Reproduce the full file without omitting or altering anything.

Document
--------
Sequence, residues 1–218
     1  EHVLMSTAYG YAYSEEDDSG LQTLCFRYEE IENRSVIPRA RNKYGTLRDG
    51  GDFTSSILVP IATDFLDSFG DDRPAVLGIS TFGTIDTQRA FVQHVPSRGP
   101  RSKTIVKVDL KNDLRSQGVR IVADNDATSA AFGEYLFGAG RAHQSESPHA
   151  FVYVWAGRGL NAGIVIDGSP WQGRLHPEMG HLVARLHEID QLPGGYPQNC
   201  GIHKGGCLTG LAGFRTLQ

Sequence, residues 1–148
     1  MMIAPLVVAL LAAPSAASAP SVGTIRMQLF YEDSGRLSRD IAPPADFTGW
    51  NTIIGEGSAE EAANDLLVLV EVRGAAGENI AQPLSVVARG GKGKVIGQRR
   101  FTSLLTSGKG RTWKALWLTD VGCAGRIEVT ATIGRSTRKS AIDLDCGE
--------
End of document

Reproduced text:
Sequence, residues 1–218
     1  EHVLMSTAYG YAYSEEDDSG LQTLCFRYEE IENRSVIPRA RNKYGTLRDG
    51  GDFTSSILVP IATDFLDSFG DDRPAVLGIS TFGTIDTQRA FVQHVPSRGP
   101  RSKTIVKVDL KNDLRSQGVR IVADNDATSA AFGEYLFGAG RAHQSESPHA
   151  FVYVWAGRGL NAGIVIDGSP WQGRLHPEMG HLVARLHEID QLPGGYPQNC
   201  GIHKGGCLTG LAGFRTLQ

Sequence, residues 1–148
     1  MMIAPLVVAL LAAPSAASAP SVGTIRMQLF YEDSGRLSRD IAPPADFTGW
    51  NTIIGEGSAE EAANDLLVLV EVRGAAGENI AQPLSVVARG GKGKVIGQRR
   101  FTSLLTSGKG RTWKALWLTD VGCAGRIEVT ATIGRSTRKS AIDLDCGE